I loved Peanuts the most. There was no denying that Charles Schulz just got it, whether it was Charlie Brown’s epic loser-ness or Linus’ deep-seated blanket issues. I also couldn’t miss Dagwood or BC or Hagar the Horrible. As I got older, I added Doonesberry, Bloom County (Thank goodness the brilliant Berkeley Brethed recently brought this gem back.), and Calvin & Hobbes (Your turn, Mr. Watterson!) to my can’t misses.
That being said, I was thrilled to have an opportunity to review the complete Donald Duck Daily Newspaper Comics anthology. While they are before my time, you still get that same sense of wonder reading a strip, whether it is 75 years old or if it was created yesterday. I found myself unable to put it down.
To get a sense of what you are reading, you really need some of the backstory and an understanding of the times. There is a great forward that tells all about the birth of Donald Duck, his growth as a character in both movies and strips, the hard fight that strip creator Al Taliaferro had to wage to get the strip going and keep it a staple in newspapers, and the scrutiny they were all under.
It is also valuable to know the general landscape of history. The US was just starting to come out of the Great Depression, and the stories told within the daily strips were very reflective of that. Donald Duck, who is a legendarily angry character, was a different kind of angry back then. He was a mischievous prankster who was thrown to real fits of anger. It took the introduction of his three equally mischievous nephews – Huey, Dewey, and Louie – to tame his anger. Taliferro had created the nephews in 1937 and held back on using them at the urging of Walt Disney, who preferred he use Mickey Mouse’s nephews – Mortimer and Ferdie – instead.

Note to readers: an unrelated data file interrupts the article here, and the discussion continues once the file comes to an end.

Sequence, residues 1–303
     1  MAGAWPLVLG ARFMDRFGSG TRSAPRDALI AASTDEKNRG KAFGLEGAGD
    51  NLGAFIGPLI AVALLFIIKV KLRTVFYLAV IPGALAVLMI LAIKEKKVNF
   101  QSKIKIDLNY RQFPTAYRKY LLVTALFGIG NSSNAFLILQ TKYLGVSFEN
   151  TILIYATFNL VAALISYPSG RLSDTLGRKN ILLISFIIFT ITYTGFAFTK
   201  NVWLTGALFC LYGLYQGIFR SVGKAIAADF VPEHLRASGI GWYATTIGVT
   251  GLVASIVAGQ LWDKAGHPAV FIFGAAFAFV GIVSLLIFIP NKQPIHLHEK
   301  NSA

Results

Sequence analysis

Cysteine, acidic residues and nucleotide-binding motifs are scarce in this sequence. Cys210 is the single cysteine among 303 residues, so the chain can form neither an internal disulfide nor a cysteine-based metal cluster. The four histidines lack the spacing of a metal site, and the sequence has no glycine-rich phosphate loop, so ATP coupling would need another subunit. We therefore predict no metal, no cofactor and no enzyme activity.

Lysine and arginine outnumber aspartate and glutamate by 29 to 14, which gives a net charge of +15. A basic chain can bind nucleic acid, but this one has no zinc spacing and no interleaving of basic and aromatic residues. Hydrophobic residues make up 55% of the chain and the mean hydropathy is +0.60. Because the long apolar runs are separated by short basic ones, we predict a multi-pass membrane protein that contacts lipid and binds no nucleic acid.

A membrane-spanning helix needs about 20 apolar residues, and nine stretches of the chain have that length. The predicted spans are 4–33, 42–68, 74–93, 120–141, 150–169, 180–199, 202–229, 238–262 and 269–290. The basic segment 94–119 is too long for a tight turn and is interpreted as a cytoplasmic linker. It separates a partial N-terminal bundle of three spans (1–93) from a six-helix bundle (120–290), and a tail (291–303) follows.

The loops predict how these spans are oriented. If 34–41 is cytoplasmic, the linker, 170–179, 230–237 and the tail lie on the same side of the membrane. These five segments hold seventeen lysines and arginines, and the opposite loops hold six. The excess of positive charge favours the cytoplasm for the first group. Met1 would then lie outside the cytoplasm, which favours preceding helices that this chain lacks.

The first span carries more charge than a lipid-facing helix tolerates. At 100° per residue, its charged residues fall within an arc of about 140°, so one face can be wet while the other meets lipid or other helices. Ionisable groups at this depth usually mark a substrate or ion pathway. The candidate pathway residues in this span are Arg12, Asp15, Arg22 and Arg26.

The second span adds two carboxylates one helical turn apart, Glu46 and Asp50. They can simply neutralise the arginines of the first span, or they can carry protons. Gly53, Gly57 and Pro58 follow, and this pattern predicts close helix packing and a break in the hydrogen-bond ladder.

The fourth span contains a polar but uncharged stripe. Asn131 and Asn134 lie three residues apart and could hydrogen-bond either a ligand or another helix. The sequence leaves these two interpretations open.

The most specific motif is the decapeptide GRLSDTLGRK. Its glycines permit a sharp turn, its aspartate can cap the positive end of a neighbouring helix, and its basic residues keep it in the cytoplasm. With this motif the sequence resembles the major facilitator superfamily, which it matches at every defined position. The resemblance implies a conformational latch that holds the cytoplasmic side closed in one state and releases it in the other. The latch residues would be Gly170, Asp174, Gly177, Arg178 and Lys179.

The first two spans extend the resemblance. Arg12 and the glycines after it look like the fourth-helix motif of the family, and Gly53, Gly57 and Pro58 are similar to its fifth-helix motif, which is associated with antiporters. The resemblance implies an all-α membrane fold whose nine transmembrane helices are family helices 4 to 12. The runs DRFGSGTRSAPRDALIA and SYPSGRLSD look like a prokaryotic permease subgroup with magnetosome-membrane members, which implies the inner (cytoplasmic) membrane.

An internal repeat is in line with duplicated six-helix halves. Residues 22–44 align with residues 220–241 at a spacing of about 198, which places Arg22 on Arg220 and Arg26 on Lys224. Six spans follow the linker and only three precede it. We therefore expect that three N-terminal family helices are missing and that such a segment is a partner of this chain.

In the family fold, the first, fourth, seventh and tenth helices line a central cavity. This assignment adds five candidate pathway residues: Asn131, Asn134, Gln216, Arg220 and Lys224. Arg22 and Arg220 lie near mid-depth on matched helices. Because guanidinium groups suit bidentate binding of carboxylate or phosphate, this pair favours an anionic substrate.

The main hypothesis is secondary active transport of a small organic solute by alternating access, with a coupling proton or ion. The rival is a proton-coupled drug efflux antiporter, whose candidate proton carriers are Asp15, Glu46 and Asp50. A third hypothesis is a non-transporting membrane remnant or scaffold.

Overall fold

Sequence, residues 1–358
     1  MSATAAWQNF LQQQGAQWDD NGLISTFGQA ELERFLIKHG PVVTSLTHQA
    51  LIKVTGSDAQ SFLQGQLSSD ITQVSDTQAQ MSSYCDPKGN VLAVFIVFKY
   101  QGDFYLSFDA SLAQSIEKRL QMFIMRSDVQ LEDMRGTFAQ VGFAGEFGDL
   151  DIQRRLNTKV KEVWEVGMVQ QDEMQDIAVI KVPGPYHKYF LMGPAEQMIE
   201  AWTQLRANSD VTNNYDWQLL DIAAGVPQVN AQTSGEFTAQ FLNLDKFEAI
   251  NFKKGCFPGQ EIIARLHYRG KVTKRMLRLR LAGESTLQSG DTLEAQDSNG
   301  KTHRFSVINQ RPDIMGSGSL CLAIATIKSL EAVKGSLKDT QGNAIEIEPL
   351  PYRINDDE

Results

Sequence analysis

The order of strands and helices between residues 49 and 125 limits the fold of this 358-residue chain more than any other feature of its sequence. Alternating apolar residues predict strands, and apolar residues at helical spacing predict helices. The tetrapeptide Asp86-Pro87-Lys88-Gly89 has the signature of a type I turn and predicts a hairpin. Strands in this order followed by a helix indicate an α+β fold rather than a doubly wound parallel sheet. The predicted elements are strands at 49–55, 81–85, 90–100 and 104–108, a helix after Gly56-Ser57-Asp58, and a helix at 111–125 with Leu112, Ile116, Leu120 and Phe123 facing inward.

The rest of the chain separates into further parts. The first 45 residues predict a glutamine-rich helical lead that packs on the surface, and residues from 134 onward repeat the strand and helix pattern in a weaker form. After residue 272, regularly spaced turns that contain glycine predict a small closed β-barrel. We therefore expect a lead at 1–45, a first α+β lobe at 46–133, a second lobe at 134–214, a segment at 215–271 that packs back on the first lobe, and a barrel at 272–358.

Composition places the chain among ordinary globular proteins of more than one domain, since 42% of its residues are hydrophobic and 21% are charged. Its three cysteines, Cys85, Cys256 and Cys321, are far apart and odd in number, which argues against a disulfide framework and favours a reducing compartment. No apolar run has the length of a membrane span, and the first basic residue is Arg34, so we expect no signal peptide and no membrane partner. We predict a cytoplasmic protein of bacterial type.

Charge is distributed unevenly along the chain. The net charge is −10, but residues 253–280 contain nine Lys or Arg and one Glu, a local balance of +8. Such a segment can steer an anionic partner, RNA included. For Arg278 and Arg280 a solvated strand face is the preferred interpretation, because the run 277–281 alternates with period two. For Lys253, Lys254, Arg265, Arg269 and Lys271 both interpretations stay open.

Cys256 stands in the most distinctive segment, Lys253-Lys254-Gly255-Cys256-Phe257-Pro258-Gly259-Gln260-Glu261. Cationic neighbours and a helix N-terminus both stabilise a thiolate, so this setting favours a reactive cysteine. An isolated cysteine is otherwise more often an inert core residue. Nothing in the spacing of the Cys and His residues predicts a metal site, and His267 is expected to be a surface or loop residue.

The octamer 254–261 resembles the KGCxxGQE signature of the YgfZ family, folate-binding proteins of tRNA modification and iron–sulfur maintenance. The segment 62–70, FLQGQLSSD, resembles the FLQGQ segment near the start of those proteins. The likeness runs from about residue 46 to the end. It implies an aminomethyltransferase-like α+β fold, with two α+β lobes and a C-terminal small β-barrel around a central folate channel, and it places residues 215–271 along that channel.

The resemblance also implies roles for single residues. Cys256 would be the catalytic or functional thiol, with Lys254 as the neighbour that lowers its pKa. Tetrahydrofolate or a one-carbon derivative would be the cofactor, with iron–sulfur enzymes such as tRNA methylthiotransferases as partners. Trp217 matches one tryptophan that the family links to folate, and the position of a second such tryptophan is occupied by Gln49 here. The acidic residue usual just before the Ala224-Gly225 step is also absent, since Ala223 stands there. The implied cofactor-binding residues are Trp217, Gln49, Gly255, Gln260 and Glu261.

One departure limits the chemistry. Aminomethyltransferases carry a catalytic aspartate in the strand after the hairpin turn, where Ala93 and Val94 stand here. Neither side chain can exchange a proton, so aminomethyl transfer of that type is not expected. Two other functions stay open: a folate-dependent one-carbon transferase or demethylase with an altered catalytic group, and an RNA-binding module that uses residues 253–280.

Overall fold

They were introduced in the Donald Duck precursor (and the strip that introduced him) Silly Symphonies in late 1937 and became part of the all-new Donald Duck daily comic, which debuted in February, 1938. The strip continued with Taliferro at the helm until 1969 and still appears daily today, more than 75 years later.
This collection is fantastic as it reprints every single daily strip from the debut through July 20, 1940. You will find some real gems here, but the strips that will stick out are the ones that make you rethink your impression of the affable, yet angry, duck. Pre-World War II, he was quick to blow his top and do some really stupid things . . . break things, try to hurt other characters, scream inappropriate things (that the letterer had to creatively use symbol for), and mostly just be an angry duck.
But, the payoff is in the moments where, even 75 years on, you see the duck you love today. If you are a comics page devotee, you will love – and want – this collection.